VW To Install 'Ultra-Fast' Electric Charging Stations At Walmarts In 34 States

VW’s new chargers as part of the Electrify America
VW’s new chargers as part of the Electrify America
Photo: Electrify America

As part of Volkswagen’s continued effort to seek repentance for the Dieselgate scandal, the German automaker is investing billions into electric cars. That includes a new announcement Wednesday that it’ll install “ultra-fast” electric vehicle chargers at more than 100 Walmart stores in 34 states, by mid-2019.


The planned network of chargers stems from VW unit Electrify America, which is committing a $2 billion investment over the next decade in electric vehicle infrastructure. In a press release, Electrify America and Walmart said the charging systems will offer certified cooled-cable 150 to 350 kW DC fast chargers, allowing for a charging rate that generates up to 20 miles of range per minute.


The systems will have a capability of up to 350 kW for stations located along the highway, with metro locations having chargers ranging from 50-150 kW. And every station will have a CHAdeMO1 50 kW connector, “ensuring that all fast charging capable cars will be able to use the Electrify America stations, regardless of their charge point locations,” the press release said.

Electric charging infrastructure is often cited as a crucial barrier to electric vehicles catching on in the U.S., even though the majority of people handle charging at their home. Tesla has its Supercharger network, which has long given it an edge in the industry. But these sort of announcements are key for automakers to win over new EV buyers, and could help make more people comfortable with taking an electric car on a long trip.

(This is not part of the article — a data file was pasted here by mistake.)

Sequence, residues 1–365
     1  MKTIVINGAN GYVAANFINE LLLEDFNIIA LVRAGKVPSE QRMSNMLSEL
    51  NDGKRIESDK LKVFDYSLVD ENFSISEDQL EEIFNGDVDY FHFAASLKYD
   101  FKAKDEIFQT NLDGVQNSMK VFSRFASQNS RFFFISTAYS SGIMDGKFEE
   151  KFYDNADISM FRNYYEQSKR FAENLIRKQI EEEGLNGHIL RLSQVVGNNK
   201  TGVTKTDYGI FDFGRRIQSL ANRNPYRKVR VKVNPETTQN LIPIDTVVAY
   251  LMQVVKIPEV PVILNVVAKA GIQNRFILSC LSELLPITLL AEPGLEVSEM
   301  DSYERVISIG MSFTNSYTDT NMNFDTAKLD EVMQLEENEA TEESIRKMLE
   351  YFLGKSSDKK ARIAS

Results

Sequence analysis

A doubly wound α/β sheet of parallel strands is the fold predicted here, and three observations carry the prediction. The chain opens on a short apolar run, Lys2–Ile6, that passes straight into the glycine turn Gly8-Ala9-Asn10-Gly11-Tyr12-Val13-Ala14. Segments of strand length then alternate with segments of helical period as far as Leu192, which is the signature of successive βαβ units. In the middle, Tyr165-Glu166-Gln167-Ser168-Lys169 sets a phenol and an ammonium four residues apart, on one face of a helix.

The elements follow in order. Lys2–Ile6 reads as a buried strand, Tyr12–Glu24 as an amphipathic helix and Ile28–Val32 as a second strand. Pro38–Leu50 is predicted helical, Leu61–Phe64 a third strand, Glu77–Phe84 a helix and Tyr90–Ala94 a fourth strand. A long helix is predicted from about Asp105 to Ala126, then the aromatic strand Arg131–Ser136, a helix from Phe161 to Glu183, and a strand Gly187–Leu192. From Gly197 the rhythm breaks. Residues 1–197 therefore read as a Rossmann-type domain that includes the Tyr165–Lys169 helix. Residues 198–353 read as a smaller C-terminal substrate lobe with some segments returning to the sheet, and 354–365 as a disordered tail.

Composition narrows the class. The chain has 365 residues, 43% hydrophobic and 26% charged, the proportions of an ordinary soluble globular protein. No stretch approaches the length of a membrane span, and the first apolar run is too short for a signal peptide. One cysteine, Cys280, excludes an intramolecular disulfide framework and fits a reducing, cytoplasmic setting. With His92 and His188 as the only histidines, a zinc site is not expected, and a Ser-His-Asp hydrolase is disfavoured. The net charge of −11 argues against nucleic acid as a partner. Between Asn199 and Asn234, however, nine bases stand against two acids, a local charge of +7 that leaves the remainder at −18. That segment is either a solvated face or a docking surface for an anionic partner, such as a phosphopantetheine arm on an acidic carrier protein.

Electrify America says it ultimately intends to build more than 2,000 chargers at 484 sites, and it plans to have them either constructed or under construction by the end of 2019.

Senior Reporter, Jalopnik/Special Projects Desk

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mkbruin, Atlas VP

Is there a quick reference guide to a) what charge connectors exist, b) what charging rates exist, c) which vehicles/manufacturers use each?

I mean, I’d hate to be stuck trying to charge my Betamax car when VHS takes over the infrastructure war.